Last term HPL Members enjoyed a webinar presented by Jeremy Reynolds, on High Performance Learning in geography. Here he summarises why he thinks geography is so suited to this approach.
Geography is an excellent subject to demonstrate how High Performance Learning can work and have an impact in the classroom. This blog suggests a variety of lesson ideas and strategies that can developed to illustrate the clear application of the different types of thinking and dispositions that are at the heart of HPL. I would encourage all teachers to reflect on their practice and lessons, thinking about their students, and I would stress the importance of being overt when developing these cognitive and behavioural competencies.
I suggest a twofold approach, that can be applied to all subject and phase applications of HPL. Firstly, look at existing successful and effective lessons and teaching strategies and ‘deconstruct’ them to see what thinking is being developed (ACPs) and what behaviours are nurtured (VAAs). Secondly, use specific ACPs and VAAs as the ‘drivers’ in planning new schemes of work and lessons in Geography.
Geography as the ideal subject for HPL
Geography readily lends itself to HPL and is an ideal subject for many reasons. It is a synoptic and connecting subject, linking together many other disciplines with a spatial focus. It is intrinsically relevant to the world around us and problems and issues that feature ‘in the news’. Several of the ACPs and VAAs can be automatically associated with Geography – those links to the real world already mentioned, and also enquiry-based learning. The skills and qualities of the geographer – e.g. the ability to analyse, synthesise, evaluate and present – are highly prized by employers and are part of HPL’s approach in developing students who are college-, career, and life-ready. Finally, Geography can and always should excite, fascinate and inspire passion for learning (through, for example, highlighting the grandness and splendour of the natural world), which surely is the key to motivating students’ high performance learning and achievement.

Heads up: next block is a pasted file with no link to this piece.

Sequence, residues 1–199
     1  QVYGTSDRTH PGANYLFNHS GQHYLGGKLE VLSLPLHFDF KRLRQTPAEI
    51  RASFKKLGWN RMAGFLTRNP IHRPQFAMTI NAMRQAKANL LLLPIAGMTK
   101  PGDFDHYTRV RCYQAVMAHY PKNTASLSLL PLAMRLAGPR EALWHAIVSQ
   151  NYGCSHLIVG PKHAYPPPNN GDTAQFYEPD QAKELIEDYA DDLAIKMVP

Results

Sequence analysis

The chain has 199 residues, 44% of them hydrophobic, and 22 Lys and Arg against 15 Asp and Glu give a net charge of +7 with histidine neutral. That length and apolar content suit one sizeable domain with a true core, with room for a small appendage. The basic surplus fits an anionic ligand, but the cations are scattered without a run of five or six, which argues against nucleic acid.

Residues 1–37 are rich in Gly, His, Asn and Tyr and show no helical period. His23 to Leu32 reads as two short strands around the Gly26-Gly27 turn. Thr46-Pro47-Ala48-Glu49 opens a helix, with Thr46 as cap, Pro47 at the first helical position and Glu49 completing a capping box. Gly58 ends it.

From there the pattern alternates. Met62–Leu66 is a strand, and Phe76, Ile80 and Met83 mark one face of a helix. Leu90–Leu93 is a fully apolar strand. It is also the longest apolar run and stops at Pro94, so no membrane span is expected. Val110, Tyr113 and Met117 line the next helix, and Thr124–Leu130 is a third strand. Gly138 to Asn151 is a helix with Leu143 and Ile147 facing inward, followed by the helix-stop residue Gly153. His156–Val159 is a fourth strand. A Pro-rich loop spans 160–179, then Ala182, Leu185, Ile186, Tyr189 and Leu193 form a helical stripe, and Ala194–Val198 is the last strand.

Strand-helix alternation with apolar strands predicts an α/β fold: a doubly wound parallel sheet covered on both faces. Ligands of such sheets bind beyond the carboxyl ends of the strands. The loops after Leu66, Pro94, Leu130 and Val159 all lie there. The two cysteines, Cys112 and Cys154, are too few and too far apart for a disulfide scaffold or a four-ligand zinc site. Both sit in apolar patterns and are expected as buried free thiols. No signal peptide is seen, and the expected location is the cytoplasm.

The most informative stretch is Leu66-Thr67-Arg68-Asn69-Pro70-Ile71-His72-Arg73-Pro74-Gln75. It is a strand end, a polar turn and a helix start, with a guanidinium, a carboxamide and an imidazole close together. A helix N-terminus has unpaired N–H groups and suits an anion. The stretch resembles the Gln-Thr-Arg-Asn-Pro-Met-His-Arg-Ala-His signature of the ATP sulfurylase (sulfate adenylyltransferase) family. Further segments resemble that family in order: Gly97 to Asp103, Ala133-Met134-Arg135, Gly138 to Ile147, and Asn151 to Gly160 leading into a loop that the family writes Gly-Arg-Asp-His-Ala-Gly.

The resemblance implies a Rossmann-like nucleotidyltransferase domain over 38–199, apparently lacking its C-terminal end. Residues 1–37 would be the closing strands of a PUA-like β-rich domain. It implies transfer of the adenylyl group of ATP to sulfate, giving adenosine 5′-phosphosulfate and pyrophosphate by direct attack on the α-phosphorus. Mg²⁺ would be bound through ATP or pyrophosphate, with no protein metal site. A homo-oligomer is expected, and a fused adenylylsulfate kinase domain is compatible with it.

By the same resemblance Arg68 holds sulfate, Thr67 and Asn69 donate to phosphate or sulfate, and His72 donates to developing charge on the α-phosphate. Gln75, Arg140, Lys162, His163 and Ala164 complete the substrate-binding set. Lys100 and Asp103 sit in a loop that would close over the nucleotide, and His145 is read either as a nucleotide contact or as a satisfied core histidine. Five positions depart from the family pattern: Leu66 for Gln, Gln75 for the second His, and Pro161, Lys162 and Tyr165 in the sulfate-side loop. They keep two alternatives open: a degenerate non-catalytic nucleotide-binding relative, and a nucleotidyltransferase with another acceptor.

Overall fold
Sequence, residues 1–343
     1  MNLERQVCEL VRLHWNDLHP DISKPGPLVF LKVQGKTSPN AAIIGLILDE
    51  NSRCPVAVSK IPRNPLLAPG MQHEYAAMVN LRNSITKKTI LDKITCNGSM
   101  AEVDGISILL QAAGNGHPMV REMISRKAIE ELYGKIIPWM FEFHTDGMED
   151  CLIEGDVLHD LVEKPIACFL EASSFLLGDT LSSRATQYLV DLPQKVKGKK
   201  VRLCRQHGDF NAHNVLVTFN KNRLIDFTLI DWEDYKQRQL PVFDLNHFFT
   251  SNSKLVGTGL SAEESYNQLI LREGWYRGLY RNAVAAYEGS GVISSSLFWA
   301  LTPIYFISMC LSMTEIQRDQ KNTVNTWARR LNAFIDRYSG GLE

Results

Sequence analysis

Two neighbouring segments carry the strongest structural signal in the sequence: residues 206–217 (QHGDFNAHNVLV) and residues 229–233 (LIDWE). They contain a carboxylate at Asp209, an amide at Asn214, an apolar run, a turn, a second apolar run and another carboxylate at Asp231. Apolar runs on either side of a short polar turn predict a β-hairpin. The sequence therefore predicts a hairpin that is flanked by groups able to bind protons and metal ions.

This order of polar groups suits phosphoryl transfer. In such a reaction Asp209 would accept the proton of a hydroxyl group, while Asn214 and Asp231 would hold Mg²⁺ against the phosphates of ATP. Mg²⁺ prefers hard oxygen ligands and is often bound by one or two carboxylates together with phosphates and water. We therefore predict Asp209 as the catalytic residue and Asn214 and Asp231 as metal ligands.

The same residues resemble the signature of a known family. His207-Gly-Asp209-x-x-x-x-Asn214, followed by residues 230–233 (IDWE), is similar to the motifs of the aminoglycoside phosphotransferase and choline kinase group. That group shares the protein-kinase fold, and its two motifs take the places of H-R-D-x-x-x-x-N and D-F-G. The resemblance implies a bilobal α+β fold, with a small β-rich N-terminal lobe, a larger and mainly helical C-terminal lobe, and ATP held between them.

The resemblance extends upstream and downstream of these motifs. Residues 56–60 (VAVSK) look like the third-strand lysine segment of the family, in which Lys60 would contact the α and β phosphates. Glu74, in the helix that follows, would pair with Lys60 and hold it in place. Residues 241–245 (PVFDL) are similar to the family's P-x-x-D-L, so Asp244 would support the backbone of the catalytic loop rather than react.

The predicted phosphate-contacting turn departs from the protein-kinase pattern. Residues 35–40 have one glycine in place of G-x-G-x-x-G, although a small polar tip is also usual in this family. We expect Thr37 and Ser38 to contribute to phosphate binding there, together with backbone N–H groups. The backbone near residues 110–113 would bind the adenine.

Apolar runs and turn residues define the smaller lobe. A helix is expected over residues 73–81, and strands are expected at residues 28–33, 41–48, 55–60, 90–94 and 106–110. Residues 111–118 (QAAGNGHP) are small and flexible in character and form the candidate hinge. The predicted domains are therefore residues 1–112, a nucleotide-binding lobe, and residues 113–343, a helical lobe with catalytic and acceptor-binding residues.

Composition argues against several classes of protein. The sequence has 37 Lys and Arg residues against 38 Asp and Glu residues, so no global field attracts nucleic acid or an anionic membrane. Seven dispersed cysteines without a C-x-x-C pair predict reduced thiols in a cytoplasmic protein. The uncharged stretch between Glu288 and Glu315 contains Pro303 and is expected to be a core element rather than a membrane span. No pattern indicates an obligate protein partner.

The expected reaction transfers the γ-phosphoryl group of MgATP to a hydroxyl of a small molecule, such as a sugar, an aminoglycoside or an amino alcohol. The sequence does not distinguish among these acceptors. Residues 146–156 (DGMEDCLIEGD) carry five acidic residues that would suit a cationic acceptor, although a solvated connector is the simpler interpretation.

Developing the ACPs in Geography lessons
Metathinking can be developed by considering Geography’s contribution to the curriculum, linking together other subjects such as Economics and Biology, but giving a unique, spatial perspective. High performance is encouraged by asking students to ‘think like a geographer’ in understanding real life situations and issues.
Comparison and contrast of similar yet different things such as cities or ecosystems encourages linking; and two hugely important ideas in ‘big picture’ thinking are the concepts of geological time and human impact on the environment.
Analysing is fundamental to the understanding of all geographical processes and systems (e.g. rivers, glaciation, plant succession) and graphs can be brought ‘alive’ by asking questions, constructing scenarios and hypothesising, rather than just relying on closed response to simple data-led questions.
When students are asked to view issues and problems in different ways and come up with innovative solutions, creativity comes to the fore, and a personal favourite of mine is the use of geographic analogies, which can be hugely effective in developing understanding.
More ‘standalone’ activities used regularly in Geography, such as problem solving, role playing and decision-making exercises, cover many areas of HPL and there is value too in ‘working backwards’ from a stimulus such as a photograph, to encourage high level thinking and questioning in the form of Socratic dialogue. Spatial awareness and a good geographic general knowledge are both helpful to the geographer and demonstrate the ACP of realising.
Geography and the VAAs
The behaviours encompassed by HPL’s VAAs are also inherent in all aspects of Geography. Fieldwork and fieldtrips, so integral to the subject, provide wonderful opportunities to bring out the key features of HPL, and these do not have to be on a grand scale, as the local area offers opportunities as well.
In conclusion, Geography is a subject which ideally lends itself to High Performance Learning. Teachers who can develop their understanding of how to develop the ACPs and VAAs in students will be able to capitalise on Geography’s inherent advantages and enable all their students to achieve at the highest level.